c. 1500, fabricacioun, "manufacturing, construction," from Latin fabricationem (nominative fabricatio) "a structure, construction, a making," noun of action from past-participle stem of fabricare "to make, construct" (see fabricate). Meaning "lying, falsehood, forgery" is from 1790.
poisonous plant native to Europe, transplanted to North America, Old English (Kentish) hemlic, earlier hymlice, hymblice, name of a poisonous plant; of unknown origin. Liberman suggests from root hem- "poison," perhaps with the plant name suffix -ling or -ig. As the name of the poison derived from the plant, c. 1600. The North American fir tree so called by 1670s in New England, from resemblance of the position and tenuity of its leaves to those of the plant.
"deeply rooted," 1590s, literally "dyed with grain "cochineal," the red dyestuff (see engrain). Figuratively, "thoroughly imbued" (of habits, principles, prejudices, etc.) from 1851. In reference to dyed carpets, etc., it is attested from 1766, from the manufacturing phrase in (the) grain "in the raw material before manufacture."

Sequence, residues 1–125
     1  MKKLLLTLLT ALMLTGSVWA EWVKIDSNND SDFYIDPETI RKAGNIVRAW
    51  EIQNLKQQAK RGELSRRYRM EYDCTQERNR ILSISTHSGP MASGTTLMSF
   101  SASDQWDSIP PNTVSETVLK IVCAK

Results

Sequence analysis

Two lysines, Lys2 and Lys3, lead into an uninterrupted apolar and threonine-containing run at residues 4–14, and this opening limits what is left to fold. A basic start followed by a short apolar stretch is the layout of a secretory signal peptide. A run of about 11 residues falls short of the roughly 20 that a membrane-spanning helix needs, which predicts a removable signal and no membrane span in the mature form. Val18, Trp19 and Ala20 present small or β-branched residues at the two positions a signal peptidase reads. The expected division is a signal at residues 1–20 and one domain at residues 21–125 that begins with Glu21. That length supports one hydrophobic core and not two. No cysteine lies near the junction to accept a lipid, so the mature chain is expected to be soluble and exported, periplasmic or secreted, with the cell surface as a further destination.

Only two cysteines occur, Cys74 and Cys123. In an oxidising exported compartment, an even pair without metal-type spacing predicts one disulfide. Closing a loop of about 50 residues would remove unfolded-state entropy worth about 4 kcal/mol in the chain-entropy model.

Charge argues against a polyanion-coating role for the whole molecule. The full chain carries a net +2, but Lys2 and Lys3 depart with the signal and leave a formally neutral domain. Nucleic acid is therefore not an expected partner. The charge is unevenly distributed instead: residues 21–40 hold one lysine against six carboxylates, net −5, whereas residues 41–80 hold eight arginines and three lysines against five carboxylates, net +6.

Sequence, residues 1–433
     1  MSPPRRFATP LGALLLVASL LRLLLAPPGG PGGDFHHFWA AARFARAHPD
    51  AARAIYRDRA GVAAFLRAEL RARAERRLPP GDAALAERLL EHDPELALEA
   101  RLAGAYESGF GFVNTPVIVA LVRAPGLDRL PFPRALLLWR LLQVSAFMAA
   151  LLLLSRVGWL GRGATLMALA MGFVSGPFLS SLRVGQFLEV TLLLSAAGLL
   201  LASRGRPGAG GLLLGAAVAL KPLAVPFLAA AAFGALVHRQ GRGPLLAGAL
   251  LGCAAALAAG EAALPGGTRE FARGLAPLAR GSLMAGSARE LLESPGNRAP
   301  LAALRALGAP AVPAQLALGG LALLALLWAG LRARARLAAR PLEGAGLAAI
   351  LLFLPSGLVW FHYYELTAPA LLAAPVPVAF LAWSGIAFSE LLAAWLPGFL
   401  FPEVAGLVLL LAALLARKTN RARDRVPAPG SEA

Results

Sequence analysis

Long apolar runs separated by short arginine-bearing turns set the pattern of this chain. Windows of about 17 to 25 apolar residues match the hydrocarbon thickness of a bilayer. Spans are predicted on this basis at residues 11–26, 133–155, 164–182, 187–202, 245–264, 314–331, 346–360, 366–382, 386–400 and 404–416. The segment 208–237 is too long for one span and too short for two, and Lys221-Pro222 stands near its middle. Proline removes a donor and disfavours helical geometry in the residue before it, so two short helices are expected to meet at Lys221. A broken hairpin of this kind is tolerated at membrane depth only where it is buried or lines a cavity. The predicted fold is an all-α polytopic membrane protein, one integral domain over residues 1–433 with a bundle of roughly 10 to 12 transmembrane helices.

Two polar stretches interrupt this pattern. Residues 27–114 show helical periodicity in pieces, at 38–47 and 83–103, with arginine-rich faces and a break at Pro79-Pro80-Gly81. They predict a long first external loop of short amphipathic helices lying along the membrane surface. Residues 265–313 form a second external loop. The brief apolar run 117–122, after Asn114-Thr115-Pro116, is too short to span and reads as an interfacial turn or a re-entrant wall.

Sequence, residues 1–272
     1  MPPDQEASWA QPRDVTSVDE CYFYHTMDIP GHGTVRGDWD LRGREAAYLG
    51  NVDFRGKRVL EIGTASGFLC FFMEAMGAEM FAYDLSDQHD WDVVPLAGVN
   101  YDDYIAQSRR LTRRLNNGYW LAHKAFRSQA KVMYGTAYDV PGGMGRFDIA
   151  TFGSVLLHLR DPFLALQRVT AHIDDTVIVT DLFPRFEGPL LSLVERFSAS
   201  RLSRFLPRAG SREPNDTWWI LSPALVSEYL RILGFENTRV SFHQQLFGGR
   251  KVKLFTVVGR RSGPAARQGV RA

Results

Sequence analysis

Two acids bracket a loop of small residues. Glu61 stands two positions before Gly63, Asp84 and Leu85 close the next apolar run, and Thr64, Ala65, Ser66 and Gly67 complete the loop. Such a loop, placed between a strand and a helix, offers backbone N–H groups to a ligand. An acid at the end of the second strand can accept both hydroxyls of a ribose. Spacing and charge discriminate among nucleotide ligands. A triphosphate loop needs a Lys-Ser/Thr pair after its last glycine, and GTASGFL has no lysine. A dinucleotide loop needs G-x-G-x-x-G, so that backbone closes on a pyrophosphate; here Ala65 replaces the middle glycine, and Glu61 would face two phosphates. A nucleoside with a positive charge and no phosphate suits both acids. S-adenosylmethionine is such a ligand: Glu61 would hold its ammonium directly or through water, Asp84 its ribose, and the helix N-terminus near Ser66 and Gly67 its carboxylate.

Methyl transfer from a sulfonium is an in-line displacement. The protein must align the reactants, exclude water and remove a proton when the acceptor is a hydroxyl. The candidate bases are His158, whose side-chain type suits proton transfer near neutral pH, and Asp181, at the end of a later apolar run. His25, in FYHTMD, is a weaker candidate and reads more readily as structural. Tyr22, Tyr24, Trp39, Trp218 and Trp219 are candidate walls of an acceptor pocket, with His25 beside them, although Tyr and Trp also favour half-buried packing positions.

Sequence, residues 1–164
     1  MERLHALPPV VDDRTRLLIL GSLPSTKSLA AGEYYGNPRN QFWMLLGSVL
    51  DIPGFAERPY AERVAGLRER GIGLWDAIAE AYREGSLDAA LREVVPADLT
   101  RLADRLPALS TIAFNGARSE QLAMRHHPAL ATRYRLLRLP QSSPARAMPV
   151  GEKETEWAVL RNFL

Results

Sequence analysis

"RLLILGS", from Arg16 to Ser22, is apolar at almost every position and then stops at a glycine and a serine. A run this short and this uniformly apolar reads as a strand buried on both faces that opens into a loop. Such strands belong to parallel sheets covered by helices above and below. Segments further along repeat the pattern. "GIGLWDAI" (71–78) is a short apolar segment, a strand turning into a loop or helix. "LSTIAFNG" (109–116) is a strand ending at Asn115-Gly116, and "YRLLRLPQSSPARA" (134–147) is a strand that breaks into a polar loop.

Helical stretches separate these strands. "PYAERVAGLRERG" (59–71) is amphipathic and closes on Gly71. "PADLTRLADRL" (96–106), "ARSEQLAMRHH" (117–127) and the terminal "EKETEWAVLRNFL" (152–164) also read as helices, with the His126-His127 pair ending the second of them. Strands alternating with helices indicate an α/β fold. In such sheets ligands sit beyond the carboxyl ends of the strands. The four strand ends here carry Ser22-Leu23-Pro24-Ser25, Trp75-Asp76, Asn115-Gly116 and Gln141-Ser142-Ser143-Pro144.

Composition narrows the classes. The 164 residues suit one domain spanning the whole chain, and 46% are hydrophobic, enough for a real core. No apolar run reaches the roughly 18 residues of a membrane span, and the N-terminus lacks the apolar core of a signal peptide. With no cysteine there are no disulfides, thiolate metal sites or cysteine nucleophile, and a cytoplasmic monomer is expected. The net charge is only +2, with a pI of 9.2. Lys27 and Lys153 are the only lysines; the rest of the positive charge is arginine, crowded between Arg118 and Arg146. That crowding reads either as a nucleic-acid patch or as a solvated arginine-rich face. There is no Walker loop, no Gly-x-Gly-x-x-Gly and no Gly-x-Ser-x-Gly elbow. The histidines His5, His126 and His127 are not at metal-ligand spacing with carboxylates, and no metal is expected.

city in Michigan, U.S., from French détroit, literally "straits," from Old French destreit (12c.), from Latin districtum, neuter of districtus (see district (n.)). A French fort was built there 1701. By 1918 the city name was synonymous with "U.S. automobile manufacturing."
1540s, "to plant in" (abstractly, of ideas, emotions, etc.), from French implanter "to insert, engraft" (alongside Old French emplanter "to plant"), literally "plant in," from assimilated form of in- "into, in, on, upon" (from PIE root *en "in") + planter "to plant" (see plant (n.)). Meaning "surgically implant (something) in the body" is from 1886, originally of teeth. Implanted is attested earlier, from early 15c., probably based on Medieval Latin implantus. Related: Implanting.
manufacturing city in Yorkshire, noted for cutlery and metalwork at least since 14c. (Chaucer's Sheffeld thwitel, a knife made in Sheffield). The name is from late Old English Scafeld "Open Land by the River Sheaf." The Old English river name is perhaps from sceað "boundary."